“You Ain’t Hurryin’ Me”

On a house tour, tapping my foot to a bluegrass band,
eating fried chicken at Mackay Point Plantation. The banjo
player looks like a winter tourist in sandals, wearing sunglasses,
strumming a poem, the snow of South Dakota fallen from
his hair; the tall skinny woman playing bass, eyes squinched,
is Mrs. Vogel who taught me geometry, how triangles
might bulge in a round world, tangling me in proofs,
even here, where Robert E. Lee came away with “Traveler,”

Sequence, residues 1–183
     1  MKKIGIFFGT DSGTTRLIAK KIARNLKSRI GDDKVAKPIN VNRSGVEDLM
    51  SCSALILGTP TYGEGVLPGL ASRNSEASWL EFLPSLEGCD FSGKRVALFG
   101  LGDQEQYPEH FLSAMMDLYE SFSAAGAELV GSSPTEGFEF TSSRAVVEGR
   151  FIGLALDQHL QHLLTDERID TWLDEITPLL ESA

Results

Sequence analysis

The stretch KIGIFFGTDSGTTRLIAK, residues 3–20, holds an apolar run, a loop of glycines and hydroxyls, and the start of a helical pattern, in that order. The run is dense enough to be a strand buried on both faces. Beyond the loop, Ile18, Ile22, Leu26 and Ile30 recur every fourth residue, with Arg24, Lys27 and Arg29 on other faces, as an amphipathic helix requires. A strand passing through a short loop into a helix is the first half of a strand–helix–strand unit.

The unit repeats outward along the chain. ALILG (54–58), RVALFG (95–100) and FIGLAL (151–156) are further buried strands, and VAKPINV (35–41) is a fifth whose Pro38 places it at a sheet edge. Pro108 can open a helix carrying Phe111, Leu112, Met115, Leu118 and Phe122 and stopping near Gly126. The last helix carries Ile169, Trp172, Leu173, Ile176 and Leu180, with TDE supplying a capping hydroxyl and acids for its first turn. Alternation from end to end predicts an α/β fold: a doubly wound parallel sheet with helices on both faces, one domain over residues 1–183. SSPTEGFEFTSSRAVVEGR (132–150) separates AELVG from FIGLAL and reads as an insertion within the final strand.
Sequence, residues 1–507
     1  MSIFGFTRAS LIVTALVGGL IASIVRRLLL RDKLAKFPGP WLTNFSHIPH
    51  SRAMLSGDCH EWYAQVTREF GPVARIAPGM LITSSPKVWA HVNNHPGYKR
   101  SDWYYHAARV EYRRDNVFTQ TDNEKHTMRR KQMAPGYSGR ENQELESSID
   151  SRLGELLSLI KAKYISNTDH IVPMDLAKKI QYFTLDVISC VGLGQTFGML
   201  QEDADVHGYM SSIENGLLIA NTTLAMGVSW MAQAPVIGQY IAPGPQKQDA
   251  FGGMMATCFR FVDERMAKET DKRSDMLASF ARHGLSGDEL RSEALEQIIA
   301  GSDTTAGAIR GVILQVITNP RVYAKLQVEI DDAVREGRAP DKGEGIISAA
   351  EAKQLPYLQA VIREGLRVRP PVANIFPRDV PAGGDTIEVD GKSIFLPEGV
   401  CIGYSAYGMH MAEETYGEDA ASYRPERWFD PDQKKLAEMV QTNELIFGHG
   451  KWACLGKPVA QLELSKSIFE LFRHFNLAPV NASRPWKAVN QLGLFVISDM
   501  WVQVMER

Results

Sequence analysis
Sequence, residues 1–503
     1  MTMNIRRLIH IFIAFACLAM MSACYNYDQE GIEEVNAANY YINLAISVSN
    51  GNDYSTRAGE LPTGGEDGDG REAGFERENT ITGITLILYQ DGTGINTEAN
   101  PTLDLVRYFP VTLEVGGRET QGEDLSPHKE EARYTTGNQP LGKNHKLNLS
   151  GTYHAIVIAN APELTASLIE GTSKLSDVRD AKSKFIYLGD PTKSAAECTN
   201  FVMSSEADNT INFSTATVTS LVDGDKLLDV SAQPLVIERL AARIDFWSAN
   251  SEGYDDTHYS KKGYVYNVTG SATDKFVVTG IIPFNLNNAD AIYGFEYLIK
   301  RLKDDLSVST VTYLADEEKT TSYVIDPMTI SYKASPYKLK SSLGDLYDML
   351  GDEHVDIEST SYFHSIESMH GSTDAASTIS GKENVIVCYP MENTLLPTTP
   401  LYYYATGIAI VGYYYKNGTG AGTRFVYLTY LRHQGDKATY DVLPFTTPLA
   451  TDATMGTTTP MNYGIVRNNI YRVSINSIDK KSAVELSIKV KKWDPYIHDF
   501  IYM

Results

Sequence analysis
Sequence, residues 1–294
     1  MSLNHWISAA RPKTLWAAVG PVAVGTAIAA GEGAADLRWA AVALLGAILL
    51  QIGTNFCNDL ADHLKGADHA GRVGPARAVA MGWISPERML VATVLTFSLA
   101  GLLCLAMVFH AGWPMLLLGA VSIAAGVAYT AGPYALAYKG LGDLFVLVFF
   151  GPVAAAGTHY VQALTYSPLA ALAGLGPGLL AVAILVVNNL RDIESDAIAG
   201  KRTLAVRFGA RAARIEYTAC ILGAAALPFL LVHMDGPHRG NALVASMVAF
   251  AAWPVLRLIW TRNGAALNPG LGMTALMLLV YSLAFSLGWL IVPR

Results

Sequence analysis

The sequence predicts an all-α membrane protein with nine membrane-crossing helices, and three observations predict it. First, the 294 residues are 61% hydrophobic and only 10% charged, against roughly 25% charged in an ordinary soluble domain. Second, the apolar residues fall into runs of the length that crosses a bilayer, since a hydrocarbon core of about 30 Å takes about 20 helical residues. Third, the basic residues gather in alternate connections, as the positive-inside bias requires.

the horse who pawed the air at Gettysburg. I’m looking
at the Pocotaglio, Tulifinny and Coosawhatchie Rivers
mixing three watery legs of a history that nothing
in the Bible would make equal in all its sides to the slave
labor that planted these allées of live oaks. That cleared
the land before the hurricanes and the boll weevil made all
of this a nowhere that bluegrass thumping fills to the brim.

John Allman | Mudlark No. 31
Contents | Reading Czeslaw Milosz